Colonoscopy and the Preparation

Updated: May 26, 2019

Colonoscopy Preparation
Ensure you have flavoured water on hand

I've had six of colonoscopies now and the worst thing about it, as I'm sure most people will tell you is the preparation! In the nearly twenty years I have had Crohn's Disease the prep does not got any easier. It fills me with dread each time so I'm writing this post for the first timers to understand what happens.


The first time I had to prepare for a colonoscopy I had no idea what I was in for. In fact half way through it I had a tantrum and decided I wasn't going ahead with the colonoscopy but somehow I managed to down it all and get through the night. Now the biggest mistakes I made were:

  • Not drinking enough clear fluid so I became severely dehydrated

  • Not starting my low residue diet before the recommended time

  • Not having some decent things to drink on prep day i.e. chicken broth (clear), flavoured water, herbal teas etc.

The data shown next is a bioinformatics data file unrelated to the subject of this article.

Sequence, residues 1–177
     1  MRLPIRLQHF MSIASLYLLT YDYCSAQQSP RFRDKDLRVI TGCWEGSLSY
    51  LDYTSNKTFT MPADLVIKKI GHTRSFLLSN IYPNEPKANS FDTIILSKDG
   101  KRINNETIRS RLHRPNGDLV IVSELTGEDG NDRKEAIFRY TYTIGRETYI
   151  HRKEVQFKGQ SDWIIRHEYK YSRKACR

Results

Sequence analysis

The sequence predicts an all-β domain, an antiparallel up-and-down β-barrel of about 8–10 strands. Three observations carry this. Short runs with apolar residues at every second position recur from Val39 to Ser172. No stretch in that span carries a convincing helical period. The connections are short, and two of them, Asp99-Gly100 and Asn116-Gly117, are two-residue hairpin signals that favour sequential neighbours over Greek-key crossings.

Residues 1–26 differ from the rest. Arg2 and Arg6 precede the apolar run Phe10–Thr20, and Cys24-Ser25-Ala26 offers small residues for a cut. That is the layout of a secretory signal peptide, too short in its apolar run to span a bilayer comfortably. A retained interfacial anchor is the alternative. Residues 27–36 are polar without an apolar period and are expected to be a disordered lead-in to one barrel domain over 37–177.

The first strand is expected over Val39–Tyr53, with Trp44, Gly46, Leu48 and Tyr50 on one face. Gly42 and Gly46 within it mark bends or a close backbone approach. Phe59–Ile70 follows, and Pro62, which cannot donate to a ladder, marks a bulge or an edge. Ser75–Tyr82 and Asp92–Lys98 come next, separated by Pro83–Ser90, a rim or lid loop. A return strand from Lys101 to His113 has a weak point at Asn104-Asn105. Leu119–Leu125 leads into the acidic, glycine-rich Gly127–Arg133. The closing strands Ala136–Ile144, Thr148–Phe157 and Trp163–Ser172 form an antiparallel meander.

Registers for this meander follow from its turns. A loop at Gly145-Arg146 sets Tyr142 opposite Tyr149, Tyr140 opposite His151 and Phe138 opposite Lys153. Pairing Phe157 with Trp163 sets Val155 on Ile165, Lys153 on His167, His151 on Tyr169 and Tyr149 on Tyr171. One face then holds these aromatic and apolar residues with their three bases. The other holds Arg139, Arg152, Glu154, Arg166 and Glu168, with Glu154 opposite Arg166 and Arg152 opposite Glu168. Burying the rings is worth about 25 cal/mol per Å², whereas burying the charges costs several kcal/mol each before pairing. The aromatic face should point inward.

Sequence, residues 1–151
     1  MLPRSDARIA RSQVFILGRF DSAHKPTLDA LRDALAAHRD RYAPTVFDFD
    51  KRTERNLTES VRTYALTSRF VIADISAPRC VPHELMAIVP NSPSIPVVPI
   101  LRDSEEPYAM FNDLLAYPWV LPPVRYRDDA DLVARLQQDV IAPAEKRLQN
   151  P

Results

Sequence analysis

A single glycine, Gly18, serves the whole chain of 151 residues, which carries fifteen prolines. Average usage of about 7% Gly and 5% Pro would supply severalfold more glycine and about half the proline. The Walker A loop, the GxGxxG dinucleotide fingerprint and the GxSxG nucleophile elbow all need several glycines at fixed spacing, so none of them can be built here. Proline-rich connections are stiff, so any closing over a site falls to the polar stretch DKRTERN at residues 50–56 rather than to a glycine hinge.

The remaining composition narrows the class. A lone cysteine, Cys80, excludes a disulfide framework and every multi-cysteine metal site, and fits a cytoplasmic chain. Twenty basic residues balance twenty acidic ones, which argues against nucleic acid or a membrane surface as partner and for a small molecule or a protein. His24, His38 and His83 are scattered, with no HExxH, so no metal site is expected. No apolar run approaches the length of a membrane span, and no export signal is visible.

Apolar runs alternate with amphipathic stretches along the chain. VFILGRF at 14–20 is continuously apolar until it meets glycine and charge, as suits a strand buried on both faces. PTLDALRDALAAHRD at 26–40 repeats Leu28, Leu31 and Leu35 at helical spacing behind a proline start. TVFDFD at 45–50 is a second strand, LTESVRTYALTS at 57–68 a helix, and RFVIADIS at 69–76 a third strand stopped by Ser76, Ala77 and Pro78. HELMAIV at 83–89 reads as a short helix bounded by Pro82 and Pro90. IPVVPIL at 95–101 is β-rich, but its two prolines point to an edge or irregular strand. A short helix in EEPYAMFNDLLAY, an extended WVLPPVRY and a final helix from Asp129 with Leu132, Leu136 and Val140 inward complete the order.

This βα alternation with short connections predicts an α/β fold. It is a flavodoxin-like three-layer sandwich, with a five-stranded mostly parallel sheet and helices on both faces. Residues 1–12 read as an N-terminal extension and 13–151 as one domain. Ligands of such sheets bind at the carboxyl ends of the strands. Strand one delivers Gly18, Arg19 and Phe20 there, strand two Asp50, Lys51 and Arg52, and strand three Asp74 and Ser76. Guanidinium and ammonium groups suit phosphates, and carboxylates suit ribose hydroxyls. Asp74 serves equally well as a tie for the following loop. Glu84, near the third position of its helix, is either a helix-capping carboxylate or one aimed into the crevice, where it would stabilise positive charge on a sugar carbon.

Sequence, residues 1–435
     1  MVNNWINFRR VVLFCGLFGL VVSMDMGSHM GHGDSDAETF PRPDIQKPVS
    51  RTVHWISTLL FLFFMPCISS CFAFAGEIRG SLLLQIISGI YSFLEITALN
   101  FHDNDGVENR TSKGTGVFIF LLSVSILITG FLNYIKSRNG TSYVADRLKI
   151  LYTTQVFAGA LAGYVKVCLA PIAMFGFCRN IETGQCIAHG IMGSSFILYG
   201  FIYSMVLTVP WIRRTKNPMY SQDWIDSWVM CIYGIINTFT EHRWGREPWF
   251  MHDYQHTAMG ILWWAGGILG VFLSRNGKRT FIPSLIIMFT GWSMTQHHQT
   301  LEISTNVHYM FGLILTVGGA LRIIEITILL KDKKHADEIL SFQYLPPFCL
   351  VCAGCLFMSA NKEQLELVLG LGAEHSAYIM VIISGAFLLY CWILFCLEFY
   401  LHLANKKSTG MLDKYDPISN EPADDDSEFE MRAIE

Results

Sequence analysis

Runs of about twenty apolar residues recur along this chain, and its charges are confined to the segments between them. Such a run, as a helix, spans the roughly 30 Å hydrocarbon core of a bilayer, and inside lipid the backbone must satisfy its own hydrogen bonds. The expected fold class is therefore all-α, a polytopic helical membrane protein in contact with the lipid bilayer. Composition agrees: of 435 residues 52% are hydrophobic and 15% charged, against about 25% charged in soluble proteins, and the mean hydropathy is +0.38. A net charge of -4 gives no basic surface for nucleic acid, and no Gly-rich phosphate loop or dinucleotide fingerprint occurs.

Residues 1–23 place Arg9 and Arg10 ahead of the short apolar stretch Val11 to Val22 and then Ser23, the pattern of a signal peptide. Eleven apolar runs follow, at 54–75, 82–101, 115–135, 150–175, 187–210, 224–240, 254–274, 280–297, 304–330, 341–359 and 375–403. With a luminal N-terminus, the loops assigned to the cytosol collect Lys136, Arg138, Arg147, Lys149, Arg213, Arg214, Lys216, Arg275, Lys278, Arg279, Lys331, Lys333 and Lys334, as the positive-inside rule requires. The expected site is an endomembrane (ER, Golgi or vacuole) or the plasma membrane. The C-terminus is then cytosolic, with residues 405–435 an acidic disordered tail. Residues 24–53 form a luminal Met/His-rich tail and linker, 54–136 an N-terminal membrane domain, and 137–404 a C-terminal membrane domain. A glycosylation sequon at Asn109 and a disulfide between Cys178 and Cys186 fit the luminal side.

preparing for a colonoscopy

By the time I had arrived at the hospital I had to be put into a dark room and lay down as was so poorly. I recall also being up most of the night sitting on the toilet so I was also exhausted.

TIP: Drink plenty of fluids even when you are taking the prep and drink heaps before you start the prep. Drink water up until your nil by mouth starts. Also I found non-sugar jelly snakes really good too during the prep (no red or purple dyes).

The colonoscopy procedure itself is not painful and you are given sedation so you don't remember a thing. All six of my colonoscopies I felt I was knocked out as soon as the injection of anaesthesia was put in my cannula. No sooner had they injected it I was waking up in recovery. I've only had one horrible experience with the anaesthetic that was injected and felt like my arm was on fire but the doctor said that was ok and before I knew it I was in ga ga land. When I woke up fro that anaesthetic I felt very sick so was given anti nausea meds.

Once you are awake you will get dressed and go sit in an armchair and be given some sandwiches and drink. You will feel like it's the best meal you have ever had after not eating for two days!


This time I had it planned properly. My doctor gave me Glycoprep for 5.00 pm the night before the colonoscopy and Picoprep for 4.00 a.m. Yes! I had to do it twice. Doctors have preferred ways of doing the prep and each time has always been different for me.

Here's what I did:

  • I prepared the Glycoprep but I don't put it in the fridge as recommended as I don't like cold beverages.